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Jack Kirby’s Starr Warriors: The Adventures Of Adam Starr And The Solar Legion #1

Comicscore Index
Mixed or average ratings

Based on 3 critic ratings.

It’s JACK KIRBY like you’ve never seen him before! JACK KIRBY’s first cosmic hero, the pirate hunter Adam Starr, is back in this deluxe remix of KIRBY’s first Space Epic series. See Adam Starr and his Solar Legion of Star Warriors in a battle to the death with killer space pirates Black Michael, Arthak, and their evil armadas. It’s a rip-roaring space adventure with giant man-eating space worms, gargantuan alien killer fish, and planetary nuclear annihilation.

Publication Date
Kindle Edition
Print Length
36 pages
Amazon ASIN

Cover Artist

3 Critic Ratings & Reviews from:
  • 80

    First Comics News

    The story piques your interest making you want to follow Adam’s adventures.

  • 75


    It’s an exploration of how you might not be able to meet your heroes but you can interact with them in the great abstract that is creative expression. And it’s a solid reminder that the best stories can and will live forever, even if they’re about the one-millionth spacefaring hero. So take your time with this one, and give yourself the space to really explore what it is as this living, breathing artifact. You’ll be bounding across not just the universe but what makes comics such a powerful medium of exploration that has few universal constraints.

  • 60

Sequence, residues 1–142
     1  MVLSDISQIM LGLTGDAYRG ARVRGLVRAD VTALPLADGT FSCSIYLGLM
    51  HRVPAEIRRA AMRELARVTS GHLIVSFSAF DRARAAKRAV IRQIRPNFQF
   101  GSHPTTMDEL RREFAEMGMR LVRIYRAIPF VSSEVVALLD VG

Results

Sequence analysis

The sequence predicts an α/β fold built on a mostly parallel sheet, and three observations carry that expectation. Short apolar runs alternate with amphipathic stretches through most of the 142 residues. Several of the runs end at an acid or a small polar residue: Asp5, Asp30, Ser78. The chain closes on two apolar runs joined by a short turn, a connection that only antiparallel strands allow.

Jack Kirby’s Starr Warriors: The Adventures of Adam Starr and the Solar Legion #1 is an odd comic book. Even before creating a comic book biography of Kirby, Tom Scioli’s entire career has stood as an homage to the late “King” of comics. If anyone is going to “remix” Kirby’s early work, as he’s credited here, then Scioli seems like the person to do it. However, this updated release of Solar Legion — the first comics work that Jack Kirby produced under that name, and only 22 at the time — makes bold claims toward imagining a version of the world where Joe Simon didn’t entice Kirby into a partnership with the promise of better paying work and instead of continued to go it alone as a solo cartoonist. There are glimpses of what would come later in Kirby’s Fourth World saga within Adam Starr, particularly the subtle worldbuilding casually sprinkled throughout, particularly regarding the various cultures that inhabit the solar system. However, while it’s hard to tell how much Scioli has changed without the original work to compare it to, the finished product hardly feels like a fully formed vision of what might have been. The young Kirby’s storytelling is simplistic compared to what would come later, using two panels on a page despite the backup story’s limited space. Scioli has also stripped the original colors from Kirby’s work and replaced them with a two-toned look more aligned with Scioli’s comics. The choice distances this version of Adam Starr from Kirby, making most of the page feel unused and without purpose, looking like something a bored student has scrawled in their notebook. That’s a style not without its charms, but it’s a questionable fit here, turning the pricey book into a strange curio for the Kirby collector.

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